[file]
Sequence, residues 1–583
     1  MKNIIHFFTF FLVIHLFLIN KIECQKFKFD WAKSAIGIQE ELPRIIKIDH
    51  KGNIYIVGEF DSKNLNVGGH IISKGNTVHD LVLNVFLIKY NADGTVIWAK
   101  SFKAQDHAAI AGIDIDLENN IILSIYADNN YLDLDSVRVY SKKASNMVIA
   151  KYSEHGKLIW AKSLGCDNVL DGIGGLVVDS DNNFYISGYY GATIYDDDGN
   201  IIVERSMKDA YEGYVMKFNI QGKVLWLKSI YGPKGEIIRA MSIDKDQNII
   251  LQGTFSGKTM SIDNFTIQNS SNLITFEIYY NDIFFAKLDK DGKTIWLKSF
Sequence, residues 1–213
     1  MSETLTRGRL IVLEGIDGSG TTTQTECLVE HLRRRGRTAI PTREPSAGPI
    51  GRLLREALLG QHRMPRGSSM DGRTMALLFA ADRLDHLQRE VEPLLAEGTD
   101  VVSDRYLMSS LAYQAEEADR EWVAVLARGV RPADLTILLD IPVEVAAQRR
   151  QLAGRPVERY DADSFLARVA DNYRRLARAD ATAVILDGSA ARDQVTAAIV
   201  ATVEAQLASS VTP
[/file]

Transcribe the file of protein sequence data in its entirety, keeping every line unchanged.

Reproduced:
Sequence, residues 1–583
     1  MKNIIHFFTF FLVIHLFLIN KIECQKFKFD WAKSAIGIQE ELPRIIKIDH
    51  KGNIYIVGEF DSKNLNVGGH IISKGNTVHD LVLNVFLIKY NADGTVIWAK
   101  SFKAQDHAAI AGIDIDLENN IILSIYADNN YLDLDSVRVY SKKASNMVIA
   151  KYSEHGKLIW AKSLGCDNVL DGIGGLVVDS DNNFYISGYY GATIYDDDGN
   201  IIVERSMKDA YEGYVMKFNI QGKVLWLKSI YGPKGEIIRA MSIDKDQNII
   251  LQGTFSGKTM SIDNFTIQNS SNLITFEIYY NDIFFAKLDK DGKTIWLKSF
Sequence, residues 1–213
     1  MSETLTRGRL IVLEGIDGSG TTTQTECLVE HLRRRGRTAI PTREPSAGPI
    51  GRLLREALLG QHRMPRGSSM DGRTMALLFA ADRLDHLQRE VEPLLAEGTD
   101  VVSDRYLMSS LAYQAEEADR EWVAVLARGV RPADLTILLD IPVEVAAQRR
   151  QLAGRPVERY DADSFLARVA DNYRRLARAD ATAVILDGSA ARDQVTAAIV
   201  ATVEAQLASS VTP